Finding success and contentment in what you love doing is something that inspires most of us, not least Shaikha Maitha Bint Mohammad Bin Rashid Al Maktoum.
Being the eldest daughter of His Highness Shaikh Mohammad Bin Rashid Al Maktoum, Vice President and Prime Minister of the UAE and Ruler of Dubai, Shaikha Maitha was always destined for fame. But instead of self-indulging in her preordained royalty, she has gone on to forge a glittering sporting career that has earned her the utmost respect.
It is this remarkable attitude that has seen her make history as the first woman from the UAE to win an international gold medal, and a silver, at the Asian Games in karate. Shaikha Maitha has also competed in the demanding sport of endurance riding and more recently she is making her mark as an accomplished polo player and the driving force behind the championship-winning UAE Polo Team.
During the back end of the 20th century, Emirati girls did not have the opportunity to compete in sports like martial arts, and there were no fight categories for people like Shaikha Maitha who was beginning make her way into karate, a sport that focuses on the mind as much as the body.
But Shaikha Maitha would help change the limitations and restrictions put on women and break new ground when she competed for the very first time in the year 2000. It was a landmark year as it was when girls were allowed to fight in the country, under the UAE Karate Federation.
It was the start of something big and the onset of Shaikha Maitha’s magical journey, where she would master and incorporate sport into her way of life.
In the 90s, women competing in sport was unheard of but my father was the first person to support women in sports and he led by example when my sisters and I competed in endurance back in 1991.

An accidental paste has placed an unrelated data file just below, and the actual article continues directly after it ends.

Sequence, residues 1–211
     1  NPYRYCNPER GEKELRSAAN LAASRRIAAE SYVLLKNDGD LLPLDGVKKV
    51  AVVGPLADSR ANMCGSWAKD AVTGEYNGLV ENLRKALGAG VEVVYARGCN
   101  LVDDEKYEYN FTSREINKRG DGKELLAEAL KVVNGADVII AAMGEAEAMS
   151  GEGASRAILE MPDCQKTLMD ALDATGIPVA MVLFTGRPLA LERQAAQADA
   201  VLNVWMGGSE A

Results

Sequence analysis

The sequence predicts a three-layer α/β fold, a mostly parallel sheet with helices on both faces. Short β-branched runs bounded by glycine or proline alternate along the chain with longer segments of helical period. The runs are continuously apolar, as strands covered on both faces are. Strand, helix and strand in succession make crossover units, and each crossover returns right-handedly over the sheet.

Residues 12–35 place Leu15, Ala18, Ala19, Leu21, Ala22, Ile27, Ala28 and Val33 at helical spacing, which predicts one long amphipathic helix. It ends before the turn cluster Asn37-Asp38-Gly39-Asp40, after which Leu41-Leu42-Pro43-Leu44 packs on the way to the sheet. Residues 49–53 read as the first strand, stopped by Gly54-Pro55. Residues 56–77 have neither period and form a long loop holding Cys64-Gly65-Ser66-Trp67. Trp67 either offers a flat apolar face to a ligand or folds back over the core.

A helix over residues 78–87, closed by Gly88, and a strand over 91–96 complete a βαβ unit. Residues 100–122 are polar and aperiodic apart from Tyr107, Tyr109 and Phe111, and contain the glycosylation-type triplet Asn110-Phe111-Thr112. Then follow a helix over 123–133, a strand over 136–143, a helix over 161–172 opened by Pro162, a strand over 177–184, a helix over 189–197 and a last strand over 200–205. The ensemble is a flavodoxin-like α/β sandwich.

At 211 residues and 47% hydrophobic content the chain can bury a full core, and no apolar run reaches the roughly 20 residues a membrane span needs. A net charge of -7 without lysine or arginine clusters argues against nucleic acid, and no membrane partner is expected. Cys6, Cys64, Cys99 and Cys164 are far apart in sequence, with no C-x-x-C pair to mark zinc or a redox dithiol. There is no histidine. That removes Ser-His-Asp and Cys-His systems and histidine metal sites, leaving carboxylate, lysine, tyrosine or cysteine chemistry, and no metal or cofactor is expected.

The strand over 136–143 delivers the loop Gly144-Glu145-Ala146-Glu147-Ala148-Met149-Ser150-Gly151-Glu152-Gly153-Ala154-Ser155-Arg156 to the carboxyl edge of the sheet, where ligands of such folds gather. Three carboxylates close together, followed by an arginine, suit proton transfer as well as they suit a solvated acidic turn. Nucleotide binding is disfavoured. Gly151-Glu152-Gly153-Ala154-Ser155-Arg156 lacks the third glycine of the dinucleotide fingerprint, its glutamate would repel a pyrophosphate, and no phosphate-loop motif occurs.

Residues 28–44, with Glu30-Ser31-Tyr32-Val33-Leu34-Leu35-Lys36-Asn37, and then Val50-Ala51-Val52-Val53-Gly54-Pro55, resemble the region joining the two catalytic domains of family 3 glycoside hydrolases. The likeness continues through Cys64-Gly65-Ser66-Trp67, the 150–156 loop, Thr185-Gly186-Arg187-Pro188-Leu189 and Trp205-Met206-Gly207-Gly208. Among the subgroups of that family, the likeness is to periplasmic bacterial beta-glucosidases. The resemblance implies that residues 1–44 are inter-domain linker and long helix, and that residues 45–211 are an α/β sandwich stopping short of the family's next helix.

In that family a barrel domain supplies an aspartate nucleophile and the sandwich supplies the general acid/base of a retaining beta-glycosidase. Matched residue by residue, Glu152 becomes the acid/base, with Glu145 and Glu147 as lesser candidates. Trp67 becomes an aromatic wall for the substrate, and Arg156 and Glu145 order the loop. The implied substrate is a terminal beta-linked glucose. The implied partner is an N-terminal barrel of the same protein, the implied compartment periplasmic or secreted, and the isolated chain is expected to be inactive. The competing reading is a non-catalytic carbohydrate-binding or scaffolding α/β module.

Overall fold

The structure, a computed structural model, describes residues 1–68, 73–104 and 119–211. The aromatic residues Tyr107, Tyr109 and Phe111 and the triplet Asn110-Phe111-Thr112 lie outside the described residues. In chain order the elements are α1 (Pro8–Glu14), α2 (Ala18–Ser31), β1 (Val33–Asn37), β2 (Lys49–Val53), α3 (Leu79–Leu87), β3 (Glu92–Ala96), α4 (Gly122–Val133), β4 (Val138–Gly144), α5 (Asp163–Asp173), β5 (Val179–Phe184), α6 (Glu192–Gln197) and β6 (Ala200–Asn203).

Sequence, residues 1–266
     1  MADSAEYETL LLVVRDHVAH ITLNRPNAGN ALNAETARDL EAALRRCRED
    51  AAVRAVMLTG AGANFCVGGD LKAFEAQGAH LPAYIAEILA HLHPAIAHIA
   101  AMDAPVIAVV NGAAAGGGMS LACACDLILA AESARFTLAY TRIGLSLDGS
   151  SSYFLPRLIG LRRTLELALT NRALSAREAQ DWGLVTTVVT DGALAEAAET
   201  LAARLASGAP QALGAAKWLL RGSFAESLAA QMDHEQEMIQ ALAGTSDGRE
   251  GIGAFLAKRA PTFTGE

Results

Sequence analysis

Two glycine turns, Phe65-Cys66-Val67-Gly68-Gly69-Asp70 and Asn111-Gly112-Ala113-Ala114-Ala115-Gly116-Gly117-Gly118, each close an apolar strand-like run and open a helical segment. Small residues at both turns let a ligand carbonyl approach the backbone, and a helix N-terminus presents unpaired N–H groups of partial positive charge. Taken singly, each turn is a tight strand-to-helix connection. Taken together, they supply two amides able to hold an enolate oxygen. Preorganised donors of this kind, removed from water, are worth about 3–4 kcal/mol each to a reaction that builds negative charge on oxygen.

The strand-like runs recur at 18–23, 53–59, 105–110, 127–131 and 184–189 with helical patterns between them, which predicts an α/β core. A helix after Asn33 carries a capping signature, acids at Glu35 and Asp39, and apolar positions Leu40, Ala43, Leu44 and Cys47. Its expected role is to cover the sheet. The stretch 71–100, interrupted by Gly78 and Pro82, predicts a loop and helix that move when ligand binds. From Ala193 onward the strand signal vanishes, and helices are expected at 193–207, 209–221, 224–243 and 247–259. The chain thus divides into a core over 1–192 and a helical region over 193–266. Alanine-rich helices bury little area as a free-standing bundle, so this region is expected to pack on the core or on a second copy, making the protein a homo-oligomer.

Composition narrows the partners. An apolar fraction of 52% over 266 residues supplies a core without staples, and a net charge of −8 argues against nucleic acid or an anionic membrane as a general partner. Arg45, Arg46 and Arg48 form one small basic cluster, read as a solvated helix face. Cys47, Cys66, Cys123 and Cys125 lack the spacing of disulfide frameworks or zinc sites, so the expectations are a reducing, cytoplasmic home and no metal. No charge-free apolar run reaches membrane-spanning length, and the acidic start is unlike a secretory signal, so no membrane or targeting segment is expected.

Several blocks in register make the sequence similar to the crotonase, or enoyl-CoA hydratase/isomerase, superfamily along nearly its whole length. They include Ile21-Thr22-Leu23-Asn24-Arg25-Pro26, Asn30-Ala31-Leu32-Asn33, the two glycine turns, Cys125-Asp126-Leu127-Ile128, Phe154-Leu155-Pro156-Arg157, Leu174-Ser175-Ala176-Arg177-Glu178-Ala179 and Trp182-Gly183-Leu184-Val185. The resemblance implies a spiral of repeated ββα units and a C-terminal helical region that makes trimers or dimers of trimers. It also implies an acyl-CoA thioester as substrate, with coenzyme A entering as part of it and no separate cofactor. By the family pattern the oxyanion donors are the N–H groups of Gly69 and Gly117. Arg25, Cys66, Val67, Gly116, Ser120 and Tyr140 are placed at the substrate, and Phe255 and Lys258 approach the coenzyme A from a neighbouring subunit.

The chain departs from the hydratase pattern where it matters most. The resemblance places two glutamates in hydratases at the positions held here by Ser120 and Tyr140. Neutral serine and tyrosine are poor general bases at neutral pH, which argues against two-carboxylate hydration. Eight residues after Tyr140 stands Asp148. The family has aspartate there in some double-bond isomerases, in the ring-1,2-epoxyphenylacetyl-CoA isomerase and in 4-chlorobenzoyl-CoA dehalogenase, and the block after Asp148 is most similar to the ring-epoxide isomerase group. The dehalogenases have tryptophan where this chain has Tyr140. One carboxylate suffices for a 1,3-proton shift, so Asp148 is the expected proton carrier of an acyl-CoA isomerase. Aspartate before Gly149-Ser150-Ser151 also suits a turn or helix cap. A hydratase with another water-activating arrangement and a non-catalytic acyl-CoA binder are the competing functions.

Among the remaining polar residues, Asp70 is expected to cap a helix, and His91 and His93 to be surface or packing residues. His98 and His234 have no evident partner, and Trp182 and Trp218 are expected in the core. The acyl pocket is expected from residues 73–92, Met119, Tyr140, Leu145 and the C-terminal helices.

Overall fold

Now, at the peak of her polo playing career, a phase that has seen her UAE Polo Team win honours and accolades across the country, region and world, Shaikha Maitha talked to Gulf News and revealed that she is still pursuing her dreams.
“It all started as a hobby and then developed into competitions,” Shaikha Maitha says.
“In the 90’s, women competing in sport was unheard of but my father was the first person to support women in sports and he led by example when my sisters and I competed in endurance back in 1991. It was my first competition and the UAE’s first endurance race. “
“My father is a horsemen and martial artist, so it’s something I’ve been around all my life,” she adds, showing reverence to Shaikh Mohammad, himself a karate black-belt and world endurance champion.”
With the backing and support from her father, Shaikha Maitha took up the challenge to practice sports like karate and taekwondo.
The turning point in her sporting career came in the late 90s.
“I was introduced to polo in 1997,” she says. “After years of riding injuries I took up martial arts as a hobby in 1999. That evolved and I started competing seriously in 2000.”
Most of us are in agreement that gender biases in sport are artificial and that Shaikha Maitha was determined to change the perception of how people profile women who indulge in combat sport.
As a result she has carved a niche for herself in the sport as the only woman competing in high-goal polo tournaments in the country.
“Sports, like karate and taekwondo, are all combat sports and ancient war games, which tie into my admiration for my culture and heritage,” Shaikha Maitha says.
Is there something deeper, more profound, which fires her passion for sport, and more recently her passion for polo?
“The ultimate goal for any athlete is to win and beat the best,” Shaikha Maitha says, again consummately breaking down myths and prejudices against women.
“That will always be the aim even though I consider myself semi-retired. I play sports because I always have. I compete because I’ve been doing so since I was 12.
“I do what I love and love what I do - win, lose or draw.”
Any lingering doubts about what motivates her firmly tips the balance firmly in her favour.